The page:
"there is a notable omission: new housing and commercial redevelopment. While it was a top goal of prior strategy documents, it's barely mentioned in the new strategy. The emphasis instead lands on areas such as expanding the maritime industry, ferry service and public access."
Maybe the Dept of Planning didn't see residential planning as being 'within their scope' this time, and I get that the city doesn't want a rerun of the high rise development on the Williamsburg waterfront taking place in Red Hook, or Sunset Park, for instance - the residents of those neighborhoods hardly want that either - but I hope the Department of Planning isn't relegating our mixed use waterfront neighborhoods, like Red Hook, to a more industrial and more polluted future, with disregard for the quality of life and health of our residents.
Isn't it all about balance? Residential use. Industrial use. Commercial use. Upland connections. Waterfront access. Public transportation. All working together to everyone's benefit.
That's why this decision seems so wrong-headed. Red Hook has a history of these battles, where reasonable residential development is thwarted by pro-industrial advocates who - falsely, in my opinion - complain that residential uses can't co-exist with industrial uses (despite the evidence to the contrary in my old home town of Sydney and elsewhere in the world). This was seen in the fight for the rezoning of the 160 Imlay Street building, where the battle was so drawn out that, despite the ultimate court ruling allowing for at least partial residential use of that magnificent building, it has been left empty, shrouded in black netting and generating no activity, no economic prosperity for the neighborhood and it's small businesses, nor revenues for the City. It's a waste and an awful shame.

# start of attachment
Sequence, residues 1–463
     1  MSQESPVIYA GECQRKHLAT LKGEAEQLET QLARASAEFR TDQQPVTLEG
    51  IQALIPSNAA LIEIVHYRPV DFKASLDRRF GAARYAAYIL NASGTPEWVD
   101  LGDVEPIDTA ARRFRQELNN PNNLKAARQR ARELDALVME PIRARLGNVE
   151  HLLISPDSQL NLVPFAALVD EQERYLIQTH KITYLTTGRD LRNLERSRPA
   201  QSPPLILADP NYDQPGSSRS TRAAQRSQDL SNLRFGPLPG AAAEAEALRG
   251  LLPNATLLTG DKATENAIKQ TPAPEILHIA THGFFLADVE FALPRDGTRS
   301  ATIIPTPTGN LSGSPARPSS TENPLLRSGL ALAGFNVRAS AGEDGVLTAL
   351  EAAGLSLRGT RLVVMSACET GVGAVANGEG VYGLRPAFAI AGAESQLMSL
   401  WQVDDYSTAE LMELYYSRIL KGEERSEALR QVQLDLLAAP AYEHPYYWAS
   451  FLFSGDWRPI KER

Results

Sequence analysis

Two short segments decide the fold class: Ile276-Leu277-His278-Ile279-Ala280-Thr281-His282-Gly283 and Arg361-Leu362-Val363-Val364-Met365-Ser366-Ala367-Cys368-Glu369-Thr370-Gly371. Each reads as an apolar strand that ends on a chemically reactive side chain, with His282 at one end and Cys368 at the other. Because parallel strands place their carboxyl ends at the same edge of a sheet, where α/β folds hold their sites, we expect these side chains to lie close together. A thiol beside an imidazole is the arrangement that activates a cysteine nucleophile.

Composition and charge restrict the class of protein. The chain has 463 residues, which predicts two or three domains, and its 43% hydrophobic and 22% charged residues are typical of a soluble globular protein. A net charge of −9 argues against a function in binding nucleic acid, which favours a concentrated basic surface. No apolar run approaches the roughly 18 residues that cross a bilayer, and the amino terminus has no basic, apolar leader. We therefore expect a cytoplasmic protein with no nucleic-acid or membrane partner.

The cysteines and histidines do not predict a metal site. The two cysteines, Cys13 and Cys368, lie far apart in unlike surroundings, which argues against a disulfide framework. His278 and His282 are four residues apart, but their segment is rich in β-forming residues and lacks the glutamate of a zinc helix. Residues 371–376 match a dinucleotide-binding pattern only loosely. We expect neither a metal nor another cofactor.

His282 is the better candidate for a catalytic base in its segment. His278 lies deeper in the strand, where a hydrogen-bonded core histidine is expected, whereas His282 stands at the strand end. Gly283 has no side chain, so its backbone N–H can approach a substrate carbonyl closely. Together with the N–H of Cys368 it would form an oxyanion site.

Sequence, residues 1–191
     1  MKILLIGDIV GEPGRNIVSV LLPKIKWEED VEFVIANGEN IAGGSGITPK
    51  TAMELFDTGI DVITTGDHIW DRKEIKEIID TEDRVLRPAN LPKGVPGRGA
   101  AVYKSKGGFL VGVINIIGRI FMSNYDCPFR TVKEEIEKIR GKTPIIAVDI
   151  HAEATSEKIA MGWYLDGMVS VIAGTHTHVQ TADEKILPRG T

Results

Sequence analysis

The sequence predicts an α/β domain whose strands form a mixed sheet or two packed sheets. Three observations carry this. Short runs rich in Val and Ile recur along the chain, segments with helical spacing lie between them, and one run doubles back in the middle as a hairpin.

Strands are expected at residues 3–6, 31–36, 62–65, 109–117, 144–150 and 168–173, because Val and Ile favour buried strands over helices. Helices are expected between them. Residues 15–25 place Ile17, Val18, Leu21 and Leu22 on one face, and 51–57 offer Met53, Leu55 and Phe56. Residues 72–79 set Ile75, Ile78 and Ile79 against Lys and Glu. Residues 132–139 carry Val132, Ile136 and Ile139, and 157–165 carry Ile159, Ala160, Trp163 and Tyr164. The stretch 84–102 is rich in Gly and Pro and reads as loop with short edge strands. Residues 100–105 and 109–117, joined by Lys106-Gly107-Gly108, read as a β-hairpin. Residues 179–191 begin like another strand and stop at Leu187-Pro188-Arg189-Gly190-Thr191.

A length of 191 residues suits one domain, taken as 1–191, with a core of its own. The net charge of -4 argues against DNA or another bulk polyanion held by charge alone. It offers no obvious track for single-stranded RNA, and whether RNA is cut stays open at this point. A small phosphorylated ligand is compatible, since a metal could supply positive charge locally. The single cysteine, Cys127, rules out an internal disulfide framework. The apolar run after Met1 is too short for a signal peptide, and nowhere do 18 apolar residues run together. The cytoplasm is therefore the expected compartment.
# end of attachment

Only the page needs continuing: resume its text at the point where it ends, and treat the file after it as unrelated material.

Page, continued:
I remember another example of wrong-headed zoning decisions when, in 2006, the Community Board voted against recommending a variance for 146 Conover Street, a vacant lot which was zoned, like Jay Amato's block, M-Manufacturing. The owners had wanted to build a residential building on the site, but because of the CB6's denial of the zoning variance, they couldn't.
Here is the lot in question -
... right in-between the TWO HOUSES. How inappropriate!
So, Jay, you're not alone in being on the wrong side of one of these wrong-headed decisions.
Unfortunately, these decisions don't bode well for the regeneration of Red Hook's residential population and innovative solutions such as Redhook Green's. Without residential regeneration how can Red Hook's burgeoning small businesses hope for more activity, how can our residents hope for better transportation or services, or a greater say in what goes on in and around our neighborhood - more advocacy for cleaner air and better quality of life? If Jay Amato can't get this one done, what is the hope for anything else?
Redhook Green has laid out their possible options going forward (from Jay's post)-
- Build a green office building - It’s too small and off the beaten path to make a sound business case for such a structure in the next few years.
- Apply for a zoning variance - 60 to 100K in professional services expenses, one year and no guaranty that it will be successful.
- WalkNone of these seem particularly appealing. Any thoughts, ideas, recommendations, contacts or kind words of encouragement would be appreciated. I will think about this a bit and keep you posted on my progress.
Contact details HERE
If Mr. Amato can't find a way to get around this decision, it will be a great loss, not only to him, but to Red Hook, Brooklyn, the City as a whole, and the advocates of healthy cities around the world - ones in which, in Jay's words, we can all "live and work responsibly".